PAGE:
84. MISO TOs state that the Final Rule was unclear on the mechanics of requesting incentives by RTO members and request clarification that transmission owners may seek this incentive without opening up a Commission-accepted ROE or additional rates or formulas. Specifically, they state that the Commission did not clarify that such a single-issue filing will not open up the already Commission-accepted ROE.
85. Finally, APPA/NRECA argues that the Final Rule does not comply with section 219(c) to provide incentives to each transmitting utility or electric utility that joins a Transmission Organization because it disregards incentives to non-jurisdictional utilities. The Commission reasoning that it does not have jurisdiction to provide incentives for non-public utilities joining Transmission Organizations is unjustified when it has asserted jurisdiction in other proceedings. APPA/NRECA recommend the Commission to consider incentives for non-public utilities such as assurances that these entities will fully recover all their costs of joining and participating in the Transmission Organization.
2. Commission Determination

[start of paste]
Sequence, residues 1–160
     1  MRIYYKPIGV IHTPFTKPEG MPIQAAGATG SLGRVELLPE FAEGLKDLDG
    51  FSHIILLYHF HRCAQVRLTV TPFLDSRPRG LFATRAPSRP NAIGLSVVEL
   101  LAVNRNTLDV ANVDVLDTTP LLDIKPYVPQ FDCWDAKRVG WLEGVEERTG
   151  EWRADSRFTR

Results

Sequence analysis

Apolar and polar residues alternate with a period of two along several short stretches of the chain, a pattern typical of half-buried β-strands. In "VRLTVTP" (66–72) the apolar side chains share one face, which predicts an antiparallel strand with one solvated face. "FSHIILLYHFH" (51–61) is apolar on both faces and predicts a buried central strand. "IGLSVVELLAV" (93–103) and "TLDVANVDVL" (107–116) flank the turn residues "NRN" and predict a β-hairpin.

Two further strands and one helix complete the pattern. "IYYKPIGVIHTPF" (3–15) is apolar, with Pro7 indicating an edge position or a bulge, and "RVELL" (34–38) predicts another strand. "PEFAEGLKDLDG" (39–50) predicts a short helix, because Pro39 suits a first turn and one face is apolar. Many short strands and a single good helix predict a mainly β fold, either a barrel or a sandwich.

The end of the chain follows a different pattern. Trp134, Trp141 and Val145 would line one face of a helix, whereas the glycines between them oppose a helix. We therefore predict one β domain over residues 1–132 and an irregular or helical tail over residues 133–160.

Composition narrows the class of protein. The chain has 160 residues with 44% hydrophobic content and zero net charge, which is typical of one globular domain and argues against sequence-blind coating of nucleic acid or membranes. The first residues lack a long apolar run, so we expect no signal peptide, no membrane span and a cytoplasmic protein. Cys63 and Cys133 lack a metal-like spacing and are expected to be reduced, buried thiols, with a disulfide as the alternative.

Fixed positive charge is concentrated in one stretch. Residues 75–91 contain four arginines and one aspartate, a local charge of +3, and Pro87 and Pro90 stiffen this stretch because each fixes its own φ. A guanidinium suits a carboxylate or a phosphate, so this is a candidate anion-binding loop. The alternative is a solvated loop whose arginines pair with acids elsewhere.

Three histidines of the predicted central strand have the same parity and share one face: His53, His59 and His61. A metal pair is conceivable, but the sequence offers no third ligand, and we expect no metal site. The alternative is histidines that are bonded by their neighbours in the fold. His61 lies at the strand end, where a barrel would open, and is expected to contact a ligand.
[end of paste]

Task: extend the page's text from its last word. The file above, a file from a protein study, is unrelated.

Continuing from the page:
86. We affirm the finding in the Final Rule that the incentive applies to all utilities joining transmission organizations, irrespective of the date they join, based on a reading of section 219 in its entirety. Section 219 specifically provides that “the Commission shall * * * provide for incentives to each transmitting utility or electric utility that joins a Transmission Organization.” The stated purpose of section 219 is to provide incentive-based rate treatments that benefit consumers by ensuring reliability and reducing the cost of delivered power. We consider an inducement for utilities to join, and remain in, Transmission Organizations to be entirely consistent with those purposes. The consumer benefits, including reliability and cost benefits, provided by Transmission Organizations are well documented, and the best way to ensure those benefits are spread to as many consumers as possible is to provide an incentive that is widely available to member utilities of Transmission Organizations and is effective for the entire duration of a utility's membership in the Transmission Organization. To limit the incentive to only utilities yet to join Transmission Organizations offers no inducement to stay in these organizations for members with the option to withdraw, and hence risks reducing Transmission Organization membership and its attendant benefits to consumers. Because the incentive is applicable to utilities that join Transmission Organizations and is consistent with the requirements of section 219 of the FPA, the incentive complies with EPAct 2005 and the FPA.